THE CHINESE CHARACTER 67.
jobs. The Nanking ministers neither defied the Nanking order
nor petitioned for its repeal on honest grounds of inconvenience
and impracticability. No professional clerk could be clever
enough to draft any such petition and make it accord with
good form, since it meant the desire of Chinese officials to
reside in foreign settlements, which would be unpatriotic.
They did an infinitely cleverer thing by changing the door-
plates of their Shanghai offices and calling them trade in-
spection bureaux. The door-plates probably cost twenty
dollars apiece, no man was thrown out of a job, and no "face"
was lost. The school trick pleased not only the Nanking
ministers but also Nanking itself, where the original order was
issued. Our Nanking ministers are great humorists. So are
our bandits. So are our war-lords. The humour of Chinese
civil wars has already been pointed out.
In contrast with this, we might take the case of mission
schools as showing the Western lack of humour. The missions
were put into a scare a few years ago when their registration
was required, which involved the crossing out of religious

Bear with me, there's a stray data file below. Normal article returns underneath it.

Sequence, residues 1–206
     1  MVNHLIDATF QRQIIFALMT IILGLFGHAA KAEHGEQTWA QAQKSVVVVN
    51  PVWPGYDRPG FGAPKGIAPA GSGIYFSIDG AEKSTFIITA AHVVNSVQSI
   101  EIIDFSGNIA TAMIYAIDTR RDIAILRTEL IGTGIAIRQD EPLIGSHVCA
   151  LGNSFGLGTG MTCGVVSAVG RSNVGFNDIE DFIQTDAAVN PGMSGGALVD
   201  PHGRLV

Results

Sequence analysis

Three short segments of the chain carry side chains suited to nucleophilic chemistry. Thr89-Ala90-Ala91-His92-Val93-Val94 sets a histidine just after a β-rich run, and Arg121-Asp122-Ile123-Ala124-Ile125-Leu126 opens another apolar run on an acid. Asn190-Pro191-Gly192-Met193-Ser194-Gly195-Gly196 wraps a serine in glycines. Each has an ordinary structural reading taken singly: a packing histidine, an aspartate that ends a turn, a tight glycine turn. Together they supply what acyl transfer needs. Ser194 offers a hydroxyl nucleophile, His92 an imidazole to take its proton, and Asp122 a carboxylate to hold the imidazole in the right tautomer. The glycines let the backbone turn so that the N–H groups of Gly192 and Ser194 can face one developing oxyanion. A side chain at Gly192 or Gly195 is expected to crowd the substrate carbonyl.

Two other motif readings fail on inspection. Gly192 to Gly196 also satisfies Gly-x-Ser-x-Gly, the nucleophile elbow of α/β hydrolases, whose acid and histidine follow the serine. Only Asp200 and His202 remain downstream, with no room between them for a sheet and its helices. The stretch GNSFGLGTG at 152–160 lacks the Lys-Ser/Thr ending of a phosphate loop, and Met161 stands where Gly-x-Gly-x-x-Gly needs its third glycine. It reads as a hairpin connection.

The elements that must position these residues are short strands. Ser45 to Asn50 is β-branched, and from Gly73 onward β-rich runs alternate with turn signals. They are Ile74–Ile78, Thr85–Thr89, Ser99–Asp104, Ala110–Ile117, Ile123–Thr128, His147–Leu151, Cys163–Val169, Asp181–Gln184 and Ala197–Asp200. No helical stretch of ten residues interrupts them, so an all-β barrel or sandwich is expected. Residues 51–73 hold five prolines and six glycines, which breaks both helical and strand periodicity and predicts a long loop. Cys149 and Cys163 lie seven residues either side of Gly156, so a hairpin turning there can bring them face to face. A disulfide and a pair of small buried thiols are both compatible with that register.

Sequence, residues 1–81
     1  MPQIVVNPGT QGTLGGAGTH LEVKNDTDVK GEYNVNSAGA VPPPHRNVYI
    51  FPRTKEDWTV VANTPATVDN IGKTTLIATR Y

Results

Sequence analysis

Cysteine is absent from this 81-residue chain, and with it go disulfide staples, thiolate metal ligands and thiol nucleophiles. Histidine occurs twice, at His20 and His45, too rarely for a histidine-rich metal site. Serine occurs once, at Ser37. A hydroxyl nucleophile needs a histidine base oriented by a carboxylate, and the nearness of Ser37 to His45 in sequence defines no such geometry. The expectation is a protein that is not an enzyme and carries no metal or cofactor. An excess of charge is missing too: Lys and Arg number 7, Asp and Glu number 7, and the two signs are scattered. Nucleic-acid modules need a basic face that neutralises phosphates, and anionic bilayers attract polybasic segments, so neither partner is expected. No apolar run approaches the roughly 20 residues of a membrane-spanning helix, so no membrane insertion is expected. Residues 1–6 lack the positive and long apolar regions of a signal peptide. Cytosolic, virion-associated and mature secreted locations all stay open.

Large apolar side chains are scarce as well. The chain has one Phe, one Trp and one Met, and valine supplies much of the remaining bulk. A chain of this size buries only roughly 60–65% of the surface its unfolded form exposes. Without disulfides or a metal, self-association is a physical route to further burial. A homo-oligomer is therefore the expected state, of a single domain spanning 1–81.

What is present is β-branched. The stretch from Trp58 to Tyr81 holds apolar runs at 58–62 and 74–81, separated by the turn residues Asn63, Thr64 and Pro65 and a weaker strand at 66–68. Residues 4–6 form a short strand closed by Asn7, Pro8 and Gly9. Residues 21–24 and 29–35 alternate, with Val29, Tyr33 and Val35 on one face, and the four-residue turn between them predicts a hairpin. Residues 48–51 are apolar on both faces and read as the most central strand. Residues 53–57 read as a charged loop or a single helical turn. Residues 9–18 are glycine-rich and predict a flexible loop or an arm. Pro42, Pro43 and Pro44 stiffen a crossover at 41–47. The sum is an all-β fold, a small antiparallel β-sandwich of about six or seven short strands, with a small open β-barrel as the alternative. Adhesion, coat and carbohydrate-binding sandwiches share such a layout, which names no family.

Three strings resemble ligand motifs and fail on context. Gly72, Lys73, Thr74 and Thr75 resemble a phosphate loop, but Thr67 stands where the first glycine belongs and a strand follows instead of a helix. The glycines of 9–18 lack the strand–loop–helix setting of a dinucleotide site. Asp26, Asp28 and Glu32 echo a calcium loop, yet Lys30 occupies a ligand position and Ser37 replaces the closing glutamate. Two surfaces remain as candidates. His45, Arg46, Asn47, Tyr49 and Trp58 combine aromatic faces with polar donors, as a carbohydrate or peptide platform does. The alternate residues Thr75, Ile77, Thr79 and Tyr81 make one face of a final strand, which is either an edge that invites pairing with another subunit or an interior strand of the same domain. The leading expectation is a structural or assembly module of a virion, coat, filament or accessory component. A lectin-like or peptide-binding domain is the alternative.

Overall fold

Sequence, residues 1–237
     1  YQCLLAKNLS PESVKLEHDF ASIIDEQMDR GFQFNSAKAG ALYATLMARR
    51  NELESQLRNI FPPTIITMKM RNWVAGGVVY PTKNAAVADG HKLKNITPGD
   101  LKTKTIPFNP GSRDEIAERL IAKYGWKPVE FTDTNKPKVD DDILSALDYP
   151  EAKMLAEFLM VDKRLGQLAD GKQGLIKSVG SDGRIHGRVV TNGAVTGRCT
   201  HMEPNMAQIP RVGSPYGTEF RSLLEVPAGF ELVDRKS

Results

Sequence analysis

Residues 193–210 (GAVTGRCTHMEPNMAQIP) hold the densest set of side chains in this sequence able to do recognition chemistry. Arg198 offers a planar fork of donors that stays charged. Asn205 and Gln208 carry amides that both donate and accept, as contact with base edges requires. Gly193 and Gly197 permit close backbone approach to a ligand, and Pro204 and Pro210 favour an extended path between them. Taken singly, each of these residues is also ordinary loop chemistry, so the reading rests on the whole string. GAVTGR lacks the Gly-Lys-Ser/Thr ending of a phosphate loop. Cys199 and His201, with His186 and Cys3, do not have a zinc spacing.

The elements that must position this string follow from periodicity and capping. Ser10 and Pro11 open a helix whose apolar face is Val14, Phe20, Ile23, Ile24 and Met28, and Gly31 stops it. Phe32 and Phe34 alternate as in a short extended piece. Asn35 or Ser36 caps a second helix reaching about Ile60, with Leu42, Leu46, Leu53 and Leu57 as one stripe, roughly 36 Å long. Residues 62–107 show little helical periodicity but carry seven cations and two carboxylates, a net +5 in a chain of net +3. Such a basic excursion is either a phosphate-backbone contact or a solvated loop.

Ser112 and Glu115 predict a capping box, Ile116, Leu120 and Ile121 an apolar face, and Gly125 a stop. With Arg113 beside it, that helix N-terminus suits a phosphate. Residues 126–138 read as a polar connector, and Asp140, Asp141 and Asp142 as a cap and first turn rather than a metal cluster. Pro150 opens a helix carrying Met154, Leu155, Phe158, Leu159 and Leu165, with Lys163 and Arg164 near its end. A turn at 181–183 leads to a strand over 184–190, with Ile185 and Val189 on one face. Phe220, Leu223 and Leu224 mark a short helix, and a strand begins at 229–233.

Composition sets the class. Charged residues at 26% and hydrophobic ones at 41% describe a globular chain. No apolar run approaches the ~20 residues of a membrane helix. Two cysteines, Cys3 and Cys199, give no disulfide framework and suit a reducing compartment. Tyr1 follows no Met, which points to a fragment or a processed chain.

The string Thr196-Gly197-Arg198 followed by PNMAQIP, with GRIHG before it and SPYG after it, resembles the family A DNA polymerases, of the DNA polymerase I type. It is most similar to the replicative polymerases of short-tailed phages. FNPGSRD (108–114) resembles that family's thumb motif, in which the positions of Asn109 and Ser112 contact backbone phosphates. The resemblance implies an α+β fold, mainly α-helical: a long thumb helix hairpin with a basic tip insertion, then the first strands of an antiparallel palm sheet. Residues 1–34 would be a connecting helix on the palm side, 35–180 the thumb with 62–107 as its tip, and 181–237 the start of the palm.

instruction from the school curricula, the hanging of Sun
Yatsen's picture in the assembly hall, and the holding of
Monday memorial meetings. The Chinese authorities could
not see why the mission schools could not comply with these
simple regulations, while the missionaries could not see their
way clear to accepting them, and there was a deadlock. Some
missionaries actually had visions of closing up their schools,
and in one instance, everything would have gone on smoothly
except for the stupid honesty of the Western principal who
refused to cancel one sentence from their school catalogue
avowing religious instruction to be one of their aims. The
principal wanted to be able to say honestly and openly that
religious instruction was indeed the principal aim of their
institution, and to this day that school is not registered. There
was absolutely no lightness of touch. What this mission school
should have done was to imitate the example of the Nanking
ministers, comply with every official regulation, hang a picture
of Sun Yatsen—and proceed d la chinoise as regards the rest.
But I cannot help thinking that a school tun with such stupid
honesty must be an honest-to-goodness school.